Evergreen Ferns

November 4, 2016

When the seasons start to change, evergreen ferns can be your constant that will continue to look good throughout fall and winter. With our wet climate, ferns are relatively easy to grow and maintain, making them an ideal plant for the Pacific Northwest. While there are always exceptions, it is best to plant ferns in the shade so that they will be protected from the sun during the hottest part of the day. Most ferns will also prefer moist soil that has good drainage.

Autumn Fern (Dryopertis erythrosora ‘Brilliance’)- This fern’s most notable feature is its coppery pink new growth in the fall which matures into dark green. The Autumn Fern adapts easily to wet or dry conditions after it’s been watered regularly in its first season of growing. It grows in a vase shaped form and gets to be about 2 feet high.

Autumn Fern (Dryopertis erythrosora ‘Brilliance’)

Autumn Fern (Dryopertis erythrosora ‘Brilliance’)

 

Japanese Tassel Fern (Polystichum polyblepharum)- The Japanese Tassel Fern gets its name from its new growth. As it emerges and starts to unfurl, the new growth looks like fuzzy tassels and then flattens and matures into dark, glossy green foliage. It prefers sun spotted shade and well-drained, but moist, soils. This fern will get to be about 2 feet tall by 2 feet wide.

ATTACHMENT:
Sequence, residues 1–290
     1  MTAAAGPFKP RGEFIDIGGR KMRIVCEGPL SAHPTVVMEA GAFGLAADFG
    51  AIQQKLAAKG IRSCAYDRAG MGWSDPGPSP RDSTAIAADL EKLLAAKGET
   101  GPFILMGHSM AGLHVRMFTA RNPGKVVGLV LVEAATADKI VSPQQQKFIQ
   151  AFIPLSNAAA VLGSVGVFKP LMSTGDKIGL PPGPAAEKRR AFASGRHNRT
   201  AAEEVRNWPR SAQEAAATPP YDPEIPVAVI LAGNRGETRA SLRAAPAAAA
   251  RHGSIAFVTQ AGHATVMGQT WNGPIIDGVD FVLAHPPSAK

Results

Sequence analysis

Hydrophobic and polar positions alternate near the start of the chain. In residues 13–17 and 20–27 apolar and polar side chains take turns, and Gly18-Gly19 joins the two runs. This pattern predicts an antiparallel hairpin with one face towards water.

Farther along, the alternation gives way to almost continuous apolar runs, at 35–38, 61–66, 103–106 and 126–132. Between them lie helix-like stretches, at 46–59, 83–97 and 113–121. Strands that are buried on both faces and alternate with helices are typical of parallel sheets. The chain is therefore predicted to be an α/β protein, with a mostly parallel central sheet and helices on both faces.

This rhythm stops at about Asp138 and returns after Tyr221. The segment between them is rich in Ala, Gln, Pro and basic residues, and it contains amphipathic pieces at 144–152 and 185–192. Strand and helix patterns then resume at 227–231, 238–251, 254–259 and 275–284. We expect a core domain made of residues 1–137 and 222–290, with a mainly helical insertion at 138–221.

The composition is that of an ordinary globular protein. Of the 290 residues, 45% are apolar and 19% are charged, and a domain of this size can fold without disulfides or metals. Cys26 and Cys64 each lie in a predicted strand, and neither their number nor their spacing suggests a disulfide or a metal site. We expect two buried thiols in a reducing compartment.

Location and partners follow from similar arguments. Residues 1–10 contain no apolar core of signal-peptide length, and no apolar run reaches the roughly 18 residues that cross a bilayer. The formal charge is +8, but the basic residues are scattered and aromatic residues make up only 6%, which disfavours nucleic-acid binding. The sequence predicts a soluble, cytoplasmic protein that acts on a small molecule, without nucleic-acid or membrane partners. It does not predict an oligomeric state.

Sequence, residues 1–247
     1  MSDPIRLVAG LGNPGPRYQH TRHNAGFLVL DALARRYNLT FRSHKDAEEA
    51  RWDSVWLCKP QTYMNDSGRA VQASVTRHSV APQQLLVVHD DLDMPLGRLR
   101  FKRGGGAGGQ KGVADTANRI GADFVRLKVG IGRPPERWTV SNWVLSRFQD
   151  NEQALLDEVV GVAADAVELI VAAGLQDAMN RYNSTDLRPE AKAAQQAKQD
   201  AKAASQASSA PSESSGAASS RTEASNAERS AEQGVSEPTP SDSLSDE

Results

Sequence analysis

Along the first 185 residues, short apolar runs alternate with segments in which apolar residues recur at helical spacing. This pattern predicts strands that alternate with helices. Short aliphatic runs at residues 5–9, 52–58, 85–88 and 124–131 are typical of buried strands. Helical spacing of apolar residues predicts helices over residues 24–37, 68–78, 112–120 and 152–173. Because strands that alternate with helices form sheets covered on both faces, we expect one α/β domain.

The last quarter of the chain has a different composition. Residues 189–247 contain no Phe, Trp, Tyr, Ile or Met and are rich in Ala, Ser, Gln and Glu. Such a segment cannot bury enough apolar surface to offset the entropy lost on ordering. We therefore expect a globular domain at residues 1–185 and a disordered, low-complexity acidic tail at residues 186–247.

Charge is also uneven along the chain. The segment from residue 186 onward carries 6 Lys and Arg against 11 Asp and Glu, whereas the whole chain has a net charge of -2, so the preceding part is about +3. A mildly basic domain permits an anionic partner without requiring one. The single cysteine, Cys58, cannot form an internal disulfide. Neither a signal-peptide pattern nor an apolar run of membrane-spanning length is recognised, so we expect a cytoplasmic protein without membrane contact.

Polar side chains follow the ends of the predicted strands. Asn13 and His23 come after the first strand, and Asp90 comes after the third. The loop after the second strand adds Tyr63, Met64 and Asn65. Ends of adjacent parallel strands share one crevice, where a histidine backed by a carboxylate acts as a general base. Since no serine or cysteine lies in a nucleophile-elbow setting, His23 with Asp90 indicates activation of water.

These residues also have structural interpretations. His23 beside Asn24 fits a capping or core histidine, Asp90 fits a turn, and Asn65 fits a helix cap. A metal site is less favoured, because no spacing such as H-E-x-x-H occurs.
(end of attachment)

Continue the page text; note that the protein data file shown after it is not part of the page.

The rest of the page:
Japanese Tassel Fern (Polystichum polyblepharum)

Japanese Tassel Fern (Polystichum polyblepharum)

 

Holly Fern (Cyrtomium fortunei)- The Holly Fern grows anywhere from 12” to 24” with upright and stuff branching. Its foliage is dark green and the fronds look similar to holly branches. This fern does well both in the ground and in containers and prefers full to partial shade with soils that have good drainage.

Holly Fern (Cyrtomium fortunei)

Holly Fern (Cyrtomium fortunei)

 

Christmas Fern (Polystichum acrostichoides)- While this fern prefers moist soils, it’s also good to know that it can tolerate dry(ish) soils after it’s been established which makes this fern a good option for a low-maintenance garden. The Christmas Fern has leathery, light green foliage and forms in a fountain-like clump. As the name suggests, this fern will be green at Christmas time and its pinnae (the leaflets), look like stockings!

Christmas Fern (Polystichum acrostichoides) by Missouri Botanical Garden

Christmas Fern (Polystichum acrostichoides) Photo Courtesy of Missouri Botanical Garden

Alpine Water Fern (Blechnum penna-marina)- This mat-forming fern only grows to be 6-15” tall and works well as a groundcover due to its spreading nature. The young fronds have a dark reddish tinge to them which mature into dark green. To get the best color, it should be planted in a spot that will let this fern get some sun (i.e. under a tree with high branches) and in moist soils. It is good to know that the Alpine Water Fern can handle dry conditions with occasional watering and is one of the more drought tolerant ferns.

Alpine Water Fern (Blechnum penna-marina) by Plant Systemics